Wednesday, May 30, 2007

Bush, This is Beneath You

At the end of a speech recently supporting his immigration compromise, President Bush said this:

Those determined to find fault with this [immigration] bill will always be able to look at a narrow slice of it and find something they don't like. If you want to kill the bill, if you don't want to do what's right for America, you can pick one little aspect out of it, you can use it to frighten people.
One phrase there strikes me: "if you don't want to do what's right for America". It sounds to me like Bush is saying, "people who disagree with me on this have some other priority than the good of America". And that really bothers me.

We need to be able to disagree with people without attacking their motives. A President, of all people, should be able to do this well.

From Bush in particular this bothers me because, especially back in 2000, I was struck by his respectfulness toward his political opponents. That was one of the strongest factors influencing my desire to support his candidacy. He had a track record of working with political opponents, and he refused to attack the motives of his opponents. I can't find the quote online, but I remember him saying that Democrats and Republicans both had the same goals and desires for our country, but just disagreed about the methods of getting there.

Now, to his credit, this is a compromise bill that he has helped put together with both Republicans and Democrats in Congress. So, from that perspective, he is continuing to fulfill that impression that I had of him in the beginning.

But, his language toward opponents is getting more and more strident, it seems, and I find it highly disappointing.


(Thanks to Volokh Conspiracy for directing me to this information)


MamasBoy said...

" can pick one little aspect out of it, you can use it to frighten people."

I think Bush is right that the political gamesmanship of picking one little aspect out of a large bill and using it to frighten people generally isn't right for America. Now, if a person wants to criticize the bill for its overall approach, that's another matter. Politics in the US, though, is for better or worse the art of compromise. Rarely is there one little aspect that is worthy of unhinging a bill as large and pressing as the immigration reform bill. I honestly haven't read the bill, so I don't know specifics. That's just how I view politics.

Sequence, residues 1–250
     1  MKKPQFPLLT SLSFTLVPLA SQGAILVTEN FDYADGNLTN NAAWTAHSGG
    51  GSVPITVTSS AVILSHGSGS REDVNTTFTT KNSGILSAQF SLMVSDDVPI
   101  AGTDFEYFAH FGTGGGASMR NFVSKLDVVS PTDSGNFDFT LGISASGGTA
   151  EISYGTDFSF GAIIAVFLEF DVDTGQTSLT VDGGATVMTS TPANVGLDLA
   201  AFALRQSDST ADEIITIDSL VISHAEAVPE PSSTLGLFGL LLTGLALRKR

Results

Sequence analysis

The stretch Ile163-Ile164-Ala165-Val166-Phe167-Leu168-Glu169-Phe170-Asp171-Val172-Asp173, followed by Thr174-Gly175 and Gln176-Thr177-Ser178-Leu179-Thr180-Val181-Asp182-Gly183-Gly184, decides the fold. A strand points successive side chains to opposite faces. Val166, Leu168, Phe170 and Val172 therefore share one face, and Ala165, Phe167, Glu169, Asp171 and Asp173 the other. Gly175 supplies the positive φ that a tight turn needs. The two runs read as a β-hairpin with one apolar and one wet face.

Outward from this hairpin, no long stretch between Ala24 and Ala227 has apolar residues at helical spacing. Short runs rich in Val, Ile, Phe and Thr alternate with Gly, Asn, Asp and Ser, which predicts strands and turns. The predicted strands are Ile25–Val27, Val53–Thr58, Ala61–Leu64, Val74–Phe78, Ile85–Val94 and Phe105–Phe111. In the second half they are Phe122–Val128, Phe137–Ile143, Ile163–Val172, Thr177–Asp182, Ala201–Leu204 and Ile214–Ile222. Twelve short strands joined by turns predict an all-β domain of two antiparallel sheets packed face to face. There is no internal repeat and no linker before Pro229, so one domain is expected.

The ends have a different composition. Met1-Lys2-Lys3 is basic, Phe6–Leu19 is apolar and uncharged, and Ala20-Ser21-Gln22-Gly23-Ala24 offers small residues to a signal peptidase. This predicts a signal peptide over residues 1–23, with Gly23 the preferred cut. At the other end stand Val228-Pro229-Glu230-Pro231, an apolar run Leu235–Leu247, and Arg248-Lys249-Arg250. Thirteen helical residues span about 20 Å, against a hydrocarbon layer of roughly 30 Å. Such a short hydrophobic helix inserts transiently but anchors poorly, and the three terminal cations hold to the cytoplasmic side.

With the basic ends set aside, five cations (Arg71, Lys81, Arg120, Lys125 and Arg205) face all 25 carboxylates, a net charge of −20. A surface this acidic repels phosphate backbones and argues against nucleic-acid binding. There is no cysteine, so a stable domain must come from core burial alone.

I received an email from someone yesterday lambasting the bill for only requiring illegals to pay 3/5 years of back taxes or something like that. In a perfect world, they would repay everything. Few illegals, though, can afford that (heck, many would be eligible for the earned income credit, esp. in their early years). By my estimation, the IRS would probably collect more taxes by requiring less. Plus, now that someone is in the system, it is easier to make sure they are paying future taxes. Sure, it isn't a perfect solution, but it is a decent compromise. Decent compromise is what makes for a decent bill.

Perhaps you interpreted Bush's comments differently from me, but that's how I took them.


Kevin said...

MamasBoy's interpretation is certainly more reasonable and less arrogant, though I first read it with the same interpretation that Mark did.

I would not put it past Bush to have muddled his delivery, though he no doubt does believe that the bill is right for America and thus, implicitly, that killing it would be wrong.

But even if you remove "if you don't want to do what's right for America", that paragraph still feels a bit petulant and derogatory.

MamasBoy, I thought Bush removed the provision requiring any back taxes from illegal immigrants. But there are still some flat fees.

I've been writing up a post about the new Immigration bill, which I'll submit soon. I planned on doing it earlier this week, but I'm having issues with my MSI motherboard again.


Kevin said...

Bush shocked to find his supporters don’t like having their motives impugned